Jimmy G. seems to be heating up just as Tom Terrific appears to be slowing down.
This was a confidence-building, resume-burnishing victory for Garoppolo, by any measure, and it showed that the former heir apparent to Tom Brady with the New England Patriots (more on them below) could be capable of doing what it takes at crunch time in the playoffs.
“Jimmy Garoppolo being clutch down the stretch. This is a big game and he played big-time,” Niners cornerback Richard Sherman said. “He played like the best quarterback in football today. He beat a legend.”
The pass that meant the most in the final tally, the one that surely will be viewed over and over if the 49ers go deep into the postseason, was the one that Garoppolo completed on fourth-and-2 to tight end George Kittle in the final minute. That, plus a facemask penalty at the end of the play, set up Robbie Gould’s game-winning field goal as time expired.
It capped a tremendous all-around performance by the 28-year-old QB who was acquired from the Pats for a second-round draft pick: 26 of 35 for 349 yards, four TDs and one interception.
And it capped a tremendous all-around game, maybe the season’s most captivating, between a couple of top teams. San Francisco is 11-2, its best start in 22 years; New Orleans is 10-3 and already has clinched the NFC South title.
“You want to talk about (Shanahan) and Sean Payton going toe-to-toe and players executing,” said Niners wideout Emmanuel Sanders, who tossed a 35-yard touchdown pass after taking a pitch on a reverse and also scored on a 75-yard catch-and-run. “It was just a beautiful game.”
And one that will be pointed to if Garoppolo — and his team — continues to make progress.
Here are some other top topics after the 14th Sunday of the NFL regular season:
The 42-year-old Brady’s latest sub-par outing (19 of 36 for a paltry 169 yards, one TD, one INT, one heavily wrapped right arm postgame) and New England’s latest lame showing by its offense contributed to a second consecutive loss, this one by 23-16 to the Kansas City Chiefs, who became the first visiting team to win in Foxborough since October 2017 and secured the AFC West title. Also contributing: some abysmal officiating by Jerome Boger’s crew. There were three egregious calls in the second half that went against Bill Belichick and Co.: a play blown dead, because of the “down by contact” rule, when Stephon Gilmore was returning KC tight end Travis Kelce’s fumble (it was ruled a turnover on review); a TD by N’Keal Harry wiped out with a phantom out-of-bounds decision at the 3 (TV replays showed he clearly stayed in, but Belichick was out of challenges by then); a defensive pass interference ignored even though Kendall Fuller was all over receiver Phillip Dorsett. “I was 99 percent confident that I was interfered with,” Dorsett said, “but there wasn’t a call.”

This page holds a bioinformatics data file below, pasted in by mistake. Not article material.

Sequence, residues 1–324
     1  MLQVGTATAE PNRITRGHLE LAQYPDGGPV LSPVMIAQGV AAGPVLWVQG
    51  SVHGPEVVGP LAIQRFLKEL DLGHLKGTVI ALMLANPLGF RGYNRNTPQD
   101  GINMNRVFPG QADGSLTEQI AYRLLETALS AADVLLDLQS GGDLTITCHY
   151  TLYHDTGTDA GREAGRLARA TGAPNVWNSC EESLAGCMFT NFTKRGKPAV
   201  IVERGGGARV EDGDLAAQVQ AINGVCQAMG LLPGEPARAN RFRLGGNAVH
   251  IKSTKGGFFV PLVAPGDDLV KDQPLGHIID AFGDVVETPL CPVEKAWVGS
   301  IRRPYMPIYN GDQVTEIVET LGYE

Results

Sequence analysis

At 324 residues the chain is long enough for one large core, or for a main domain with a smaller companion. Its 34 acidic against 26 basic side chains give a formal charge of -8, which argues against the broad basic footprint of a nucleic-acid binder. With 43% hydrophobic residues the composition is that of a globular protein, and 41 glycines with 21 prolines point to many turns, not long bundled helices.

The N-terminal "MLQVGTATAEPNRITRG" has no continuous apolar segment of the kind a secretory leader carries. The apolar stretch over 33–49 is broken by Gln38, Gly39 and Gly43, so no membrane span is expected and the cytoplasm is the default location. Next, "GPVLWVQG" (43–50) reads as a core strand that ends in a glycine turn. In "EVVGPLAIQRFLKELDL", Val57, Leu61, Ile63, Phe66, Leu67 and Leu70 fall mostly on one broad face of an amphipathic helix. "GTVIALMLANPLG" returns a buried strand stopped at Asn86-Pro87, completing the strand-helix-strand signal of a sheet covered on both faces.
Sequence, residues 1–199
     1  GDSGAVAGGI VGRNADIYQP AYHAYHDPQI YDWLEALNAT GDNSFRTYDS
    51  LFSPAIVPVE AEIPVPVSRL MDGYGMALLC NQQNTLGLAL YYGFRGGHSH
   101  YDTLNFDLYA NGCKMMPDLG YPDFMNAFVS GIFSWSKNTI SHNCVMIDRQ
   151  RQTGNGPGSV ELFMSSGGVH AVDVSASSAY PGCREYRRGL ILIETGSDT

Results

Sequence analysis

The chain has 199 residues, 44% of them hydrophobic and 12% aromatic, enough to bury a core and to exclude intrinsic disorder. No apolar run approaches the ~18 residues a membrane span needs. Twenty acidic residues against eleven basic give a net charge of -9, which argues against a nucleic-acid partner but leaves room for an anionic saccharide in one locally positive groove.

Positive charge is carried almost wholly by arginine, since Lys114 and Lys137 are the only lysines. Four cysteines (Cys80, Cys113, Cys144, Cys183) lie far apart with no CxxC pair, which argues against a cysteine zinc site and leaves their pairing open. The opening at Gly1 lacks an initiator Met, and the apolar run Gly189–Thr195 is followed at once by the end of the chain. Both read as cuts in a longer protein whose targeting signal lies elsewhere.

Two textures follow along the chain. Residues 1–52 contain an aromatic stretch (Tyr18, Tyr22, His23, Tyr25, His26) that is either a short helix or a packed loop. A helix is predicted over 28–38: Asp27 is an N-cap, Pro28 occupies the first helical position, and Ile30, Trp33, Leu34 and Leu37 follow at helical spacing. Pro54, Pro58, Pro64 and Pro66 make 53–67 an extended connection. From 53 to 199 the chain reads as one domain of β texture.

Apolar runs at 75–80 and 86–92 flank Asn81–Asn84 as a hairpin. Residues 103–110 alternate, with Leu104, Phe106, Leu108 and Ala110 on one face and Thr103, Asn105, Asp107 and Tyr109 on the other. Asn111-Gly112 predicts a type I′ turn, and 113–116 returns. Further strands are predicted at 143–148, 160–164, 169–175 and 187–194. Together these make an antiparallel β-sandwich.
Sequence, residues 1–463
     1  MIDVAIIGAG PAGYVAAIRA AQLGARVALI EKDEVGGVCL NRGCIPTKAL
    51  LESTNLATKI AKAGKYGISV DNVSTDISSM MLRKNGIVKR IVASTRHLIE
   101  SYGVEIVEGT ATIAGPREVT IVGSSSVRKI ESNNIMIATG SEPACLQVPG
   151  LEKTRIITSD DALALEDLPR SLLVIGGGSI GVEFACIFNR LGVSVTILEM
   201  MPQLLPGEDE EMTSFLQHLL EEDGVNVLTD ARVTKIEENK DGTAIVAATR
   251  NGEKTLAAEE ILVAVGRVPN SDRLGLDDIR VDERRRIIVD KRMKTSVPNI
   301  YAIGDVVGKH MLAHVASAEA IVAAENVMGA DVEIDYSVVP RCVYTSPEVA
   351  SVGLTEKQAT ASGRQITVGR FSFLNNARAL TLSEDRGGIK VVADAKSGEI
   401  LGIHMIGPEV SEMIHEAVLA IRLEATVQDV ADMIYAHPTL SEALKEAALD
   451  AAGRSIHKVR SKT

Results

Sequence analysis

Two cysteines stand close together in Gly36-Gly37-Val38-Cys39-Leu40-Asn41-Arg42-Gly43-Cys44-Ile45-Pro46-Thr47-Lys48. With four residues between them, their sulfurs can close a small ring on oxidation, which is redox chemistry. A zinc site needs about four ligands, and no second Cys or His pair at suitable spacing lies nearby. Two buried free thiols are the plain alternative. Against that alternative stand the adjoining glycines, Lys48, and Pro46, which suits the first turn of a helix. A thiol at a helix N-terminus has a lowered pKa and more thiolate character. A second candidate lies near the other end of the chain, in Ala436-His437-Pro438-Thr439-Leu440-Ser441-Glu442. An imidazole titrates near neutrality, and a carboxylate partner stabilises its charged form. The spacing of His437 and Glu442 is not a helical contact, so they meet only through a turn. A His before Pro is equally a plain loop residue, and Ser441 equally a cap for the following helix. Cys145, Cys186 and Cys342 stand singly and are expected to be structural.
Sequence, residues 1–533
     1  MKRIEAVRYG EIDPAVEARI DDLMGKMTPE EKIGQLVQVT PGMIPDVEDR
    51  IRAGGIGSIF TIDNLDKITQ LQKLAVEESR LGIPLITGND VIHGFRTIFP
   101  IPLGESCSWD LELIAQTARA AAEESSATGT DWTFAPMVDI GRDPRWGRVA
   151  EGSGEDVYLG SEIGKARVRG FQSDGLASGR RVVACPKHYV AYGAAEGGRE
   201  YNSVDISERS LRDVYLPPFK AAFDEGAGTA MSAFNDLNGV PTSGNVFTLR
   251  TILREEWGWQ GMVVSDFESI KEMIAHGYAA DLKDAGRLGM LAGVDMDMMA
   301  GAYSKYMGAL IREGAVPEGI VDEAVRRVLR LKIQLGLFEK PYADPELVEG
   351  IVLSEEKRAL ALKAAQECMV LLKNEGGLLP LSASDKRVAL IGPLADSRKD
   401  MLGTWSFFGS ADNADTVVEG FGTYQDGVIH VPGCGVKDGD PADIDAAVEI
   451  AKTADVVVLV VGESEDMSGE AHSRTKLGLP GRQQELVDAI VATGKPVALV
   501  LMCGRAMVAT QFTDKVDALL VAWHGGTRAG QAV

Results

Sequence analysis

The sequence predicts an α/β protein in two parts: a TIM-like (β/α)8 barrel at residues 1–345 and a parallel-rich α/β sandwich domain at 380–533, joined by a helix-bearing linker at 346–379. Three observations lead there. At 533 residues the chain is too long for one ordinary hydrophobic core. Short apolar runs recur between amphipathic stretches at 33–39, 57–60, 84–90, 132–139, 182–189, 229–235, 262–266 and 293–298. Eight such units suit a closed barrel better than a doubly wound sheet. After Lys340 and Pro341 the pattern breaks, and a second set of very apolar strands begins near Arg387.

NFL players’ misgivings about the medical care they receive is nothing new — in a survey of 100 players, released by the AP in 2016, fewer than half thought clubs, coaches and team doctors had the athletes’ best interests at heart — but those worries have been aired publicly with increasing frequently of late. Another example came Sunday, when Cleveland Browns quarterback Baker Mayfield opined to reporters that an injury to teammate Odell Beckham Jr. “wasn’t handled the right way in our training room” and “could have been addressed earlier on.” Later, Mayfield tried to backtrack on social media.
Steel Curtain Redux
Somehow, without the injured Ben Roethlisberger, JuJu Smith-Schuster or James Conner — not to mention former superstars Antonio Brown and Le’Veon Bell — and with a third-string, undrafted rookie QB who goes by the nickname Duck, coach Mike Tomlin has the Pittsburgh Steelers at 8-5 and with a real shot at a playoff berth. Quarterback Devlin “Duck” Hodges improved to 3-0 as a starter, thanks in large part to a defense that is dominant, with a 23-17 win at Arizona. No one has more takeaways than Pittsburgh’s 33, a total boosted Sunday by two interceptions by Joe Haden and one by T.J. Watt.